Wading upstream at this time of the year is easy - none of those large, slippery boulders that dominate the Tongariro and Whanganui, just a nice sandy bottom with plenty of crossing points. But like all impossibly attractive fly streams, the TT has a sting in its tail: timber. Many of the best pools and runs have some associated wood - and that, of course, is where the bigger fish tend to sit, and we saw at least three or four nice specimens that refused to budge. The question was if they did, could we keep them out of the timber once hooked. Hopefully, we'll answer that in future trips.
|It doesn't get much better than this: Fishing the TT|
as the sun sets
Easter Sunday promised some rain but dawned a little cloudy before giving way to the sun as the day progressed. We had a date with our mate Ken Drummond, who has been guiding in this region for years. It was our third time out with Ken following three previously memorable days that featured 'the submarine' and a fishing orgy on the Whanganui that saw us catch 41 and drop 12 trout over two days.
This time round Ken decided we should revisit the scene of that exciting - although very wet - first trip and see what damage we could do on a fine day. The Whanganui is one of my favourite three New Zealand rivers. Classic back country fishing through pools, runs and rapids it's broad sweep carries more than a hint of difficulty and danger but the promise of plenty of fish. And, once again, it didn't disappoint.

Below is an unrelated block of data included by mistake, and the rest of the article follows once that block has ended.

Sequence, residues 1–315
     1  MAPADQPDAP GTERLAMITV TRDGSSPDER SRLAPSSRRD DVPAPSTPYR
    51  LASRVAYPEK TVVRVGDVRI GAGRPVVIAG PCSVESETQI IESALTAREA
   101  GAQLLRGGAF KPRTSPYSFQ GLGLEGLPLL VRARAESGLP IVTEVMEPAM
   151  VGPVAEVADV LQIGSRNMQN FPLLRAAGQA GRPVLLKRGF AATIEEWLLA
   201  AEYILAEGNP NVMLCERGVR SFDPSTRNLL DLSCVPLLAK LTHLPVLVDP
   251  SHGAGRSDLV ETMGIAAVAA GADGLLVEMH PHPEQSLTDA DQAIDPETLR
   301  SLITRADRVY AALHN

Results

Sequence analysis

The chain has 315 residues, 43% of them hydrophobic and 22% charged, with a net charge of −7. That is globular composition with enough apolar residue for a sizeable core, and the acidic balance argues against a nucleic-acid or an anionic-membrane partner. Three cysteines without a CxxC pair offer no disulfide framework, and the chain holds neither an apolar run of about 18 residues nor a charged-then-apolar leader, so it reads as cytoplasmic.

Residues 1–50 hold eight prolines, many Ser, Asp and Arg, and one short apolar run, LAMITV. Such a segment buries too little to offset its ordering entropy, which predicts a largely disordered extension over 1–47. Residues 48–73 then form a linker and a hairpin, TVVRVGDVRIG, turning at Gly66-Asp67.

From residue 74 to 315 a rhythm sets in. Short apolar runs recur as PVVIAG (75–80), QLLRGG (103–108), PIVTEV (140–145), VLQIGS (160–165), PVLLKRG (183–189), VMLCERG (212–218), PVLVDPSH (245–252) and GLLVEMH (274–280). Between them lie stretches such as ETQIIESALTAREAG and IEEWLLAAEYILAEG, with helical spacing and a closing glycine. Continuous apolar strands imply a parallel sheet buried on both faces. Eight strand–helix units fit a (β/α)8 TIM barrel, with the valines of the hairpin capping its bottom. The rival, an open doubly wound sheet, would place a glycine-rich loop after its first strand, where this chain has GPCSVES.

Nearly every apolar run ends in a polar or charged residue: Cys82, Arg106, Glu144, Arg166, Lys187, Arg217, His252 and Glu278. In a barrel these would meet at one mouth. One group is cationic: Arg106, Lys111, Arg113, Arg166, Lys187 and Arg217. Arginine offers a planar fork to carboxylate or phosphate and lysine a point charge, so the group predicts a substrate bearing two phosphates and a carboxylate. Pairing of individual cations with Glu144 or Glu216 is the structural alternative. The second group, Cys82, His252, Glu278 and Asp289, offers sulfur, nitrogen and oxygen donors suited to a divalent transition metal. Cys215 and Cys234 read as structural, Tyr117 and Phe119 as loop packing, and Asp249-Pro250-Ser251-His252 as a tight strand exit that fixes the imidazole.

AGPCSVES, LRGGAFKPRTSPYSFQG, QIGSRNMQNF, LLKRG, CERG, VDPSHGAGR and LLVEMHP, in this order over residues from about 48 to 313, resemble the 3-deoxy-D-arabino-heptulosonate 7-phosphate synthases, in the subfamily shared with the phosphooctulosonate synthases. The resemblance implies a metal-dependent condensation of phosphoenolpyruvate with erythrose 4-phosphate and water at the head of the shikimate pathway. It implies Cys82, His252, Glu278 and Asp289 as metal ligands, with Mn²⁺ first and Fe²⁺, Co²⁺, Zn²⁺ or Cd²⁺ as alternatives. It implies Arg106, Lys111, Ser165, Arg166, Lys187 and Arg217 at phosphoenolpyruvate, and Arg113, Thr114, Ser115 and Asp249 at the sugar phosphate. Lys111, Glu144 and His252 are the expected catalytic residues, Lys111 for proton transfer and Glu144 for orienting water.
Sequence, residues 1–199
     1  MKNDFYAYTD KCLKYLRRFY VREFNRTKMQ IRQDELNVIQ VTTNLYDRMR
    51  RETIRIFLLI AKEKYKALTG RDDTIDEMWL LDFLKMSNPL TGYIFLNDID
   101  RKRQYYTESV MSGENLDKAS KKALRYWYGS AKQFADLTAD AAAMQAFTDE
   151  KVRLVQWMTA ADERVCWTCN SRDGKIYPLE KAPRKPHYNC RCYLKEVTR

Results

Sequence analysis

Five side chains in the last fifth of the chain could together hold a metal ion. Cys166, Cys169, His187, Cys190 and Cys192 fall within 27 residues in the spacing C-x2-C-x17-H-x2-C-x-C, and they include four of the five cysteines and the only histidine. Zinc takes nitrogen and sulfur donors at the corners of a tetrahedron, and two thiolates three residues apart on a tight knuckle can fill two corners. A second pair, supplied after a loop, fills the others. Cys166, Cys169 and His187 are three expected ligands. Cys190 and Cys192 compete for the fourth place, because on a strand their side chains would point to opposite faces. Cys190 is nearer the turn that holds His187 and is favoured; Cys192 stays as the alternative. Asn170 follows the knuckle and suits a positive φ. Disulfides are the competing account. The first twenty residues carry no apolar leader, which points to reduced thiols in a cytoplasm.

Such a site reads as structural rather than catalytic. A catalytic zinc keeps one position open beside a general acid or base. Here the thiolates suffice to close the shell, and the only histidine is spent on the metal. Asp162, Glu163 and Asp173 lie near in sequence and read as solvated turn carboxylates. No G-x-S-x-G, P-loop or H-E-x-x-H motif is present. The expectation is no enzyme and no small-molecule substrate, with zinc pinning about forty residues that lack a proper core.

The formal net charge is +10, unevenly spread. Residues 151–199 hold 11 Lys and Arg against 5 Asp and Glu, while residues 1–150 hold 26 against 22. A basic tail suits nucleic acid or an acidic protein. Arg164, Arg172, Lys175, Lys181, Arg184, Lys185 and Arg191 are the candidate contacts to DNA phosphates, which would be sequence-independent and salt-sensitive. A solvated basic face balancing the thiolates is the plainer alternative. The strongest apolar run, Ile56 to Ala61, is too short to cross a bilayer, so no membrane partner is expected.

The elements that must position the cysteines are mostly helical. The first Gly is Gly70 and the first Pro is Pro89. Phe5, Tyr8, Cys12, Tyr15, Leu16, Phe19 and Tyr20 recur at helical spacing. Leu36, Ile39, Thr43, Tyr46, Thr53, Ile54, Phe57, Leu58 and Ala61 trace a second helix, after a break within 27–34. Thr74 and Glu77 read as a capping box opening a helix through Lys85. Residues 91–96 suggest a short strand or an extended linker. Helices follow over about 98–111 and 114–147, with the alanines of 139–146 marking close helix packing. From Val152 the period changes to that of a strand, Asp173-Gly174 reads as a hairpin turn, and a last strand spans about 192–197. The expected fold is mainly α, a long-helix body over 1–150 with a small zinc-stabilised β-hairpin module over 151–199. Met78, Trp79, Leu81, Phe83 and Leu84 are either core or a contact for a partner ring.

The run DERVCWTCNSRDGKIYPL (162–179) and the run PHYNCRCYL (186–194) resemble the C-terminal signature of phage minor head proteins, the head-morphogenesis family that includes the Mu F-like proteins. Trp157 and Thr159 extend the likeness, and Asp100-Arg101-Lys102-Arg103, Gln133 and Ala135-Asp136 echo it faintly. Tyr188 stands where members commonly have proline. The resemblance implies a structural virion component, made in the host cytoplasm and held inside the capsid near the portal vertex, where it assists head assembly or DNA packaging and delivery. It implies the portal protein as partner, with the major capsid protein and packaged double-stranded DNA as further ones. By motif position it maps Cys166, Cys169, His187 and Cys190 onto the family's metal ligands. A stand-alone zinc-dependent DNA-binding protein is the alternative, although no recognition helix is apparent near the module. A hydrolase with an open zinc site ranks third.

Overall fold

On this section which runs through private property, the Whanganui is about a perfect trout river as you can find. As we stood on the rock laden banks, small trout hurled themselves out of the water close to the far bank where the water ran still and fast, their targets so small they could hardly be seen.
|This Whanganui rainbow weighed in at 4.25lb|
|Five pounds of Whanganui rainbow|
The afternoon session was spent fishing longer runs in deeper water. Georgina pulled out a couple of nice fish in the 2.5-3.5lb range while I landed a couple of those feisty smaller fish and dropped a nice 3.5-4lb fish that hopped out of the water five times before finally managing to throw the hooks.
|Georgina and Ken shared the credit for this fish|
But a word of warning: never underestimate the dangers associated with big New Zealand rivers like the Tongariro and Whanganui: Ken went over despite using a wading stick and got a soaking from head to foot while I ended the day by sliding down a high bank, hitting a flat rock which was wet and very slippery, meaning there was no grip for my boots which went out from underneath me and I slammed back down into the surface. A week later the bruising on my arms is beginning to fade, the internal soft tissue damage in my back is beginning to heal and the fractured rib is a little less painful. It could have a been a lot worse. According to my doctor 3cm to the right and the bole on the rock that slammed into back would have slammed into my spine; 5cm south it would have hit a kidney. I was lucky. I walked out of there.
|Selfie with Whanganui trout|
All up the day delivered 12 rainbows with another six dropped. For the trip, we came away with 29 fish landed and 12 dropped in just over two days - about 14 hours - of fishing.
To Ken Drummond - you're a legend!, the folk at Sporting Life, Sportman's Lodge, and the people of Turangi and its surrounds, our thanks. You make these trips so special. And, of course, we will be back.
Oh, and one final thing, we would like to state for the record that we outfished the 2008 French World Fly Fishing Championships team which were revisiting the Whanganui the day we took it on and fished upstream from us. End result: Australia/New Zealand 11, France 0!!!!!
The beauty of a release from Georgina Swan on Vimeo.
Mike fished with an Orvis Helios Tip Flex 7-weight rod and Orvis Battkenkill Large Arbor IV reel. George fished with a Sage One 6-weight rod and Grey's G-Tec 350 reel.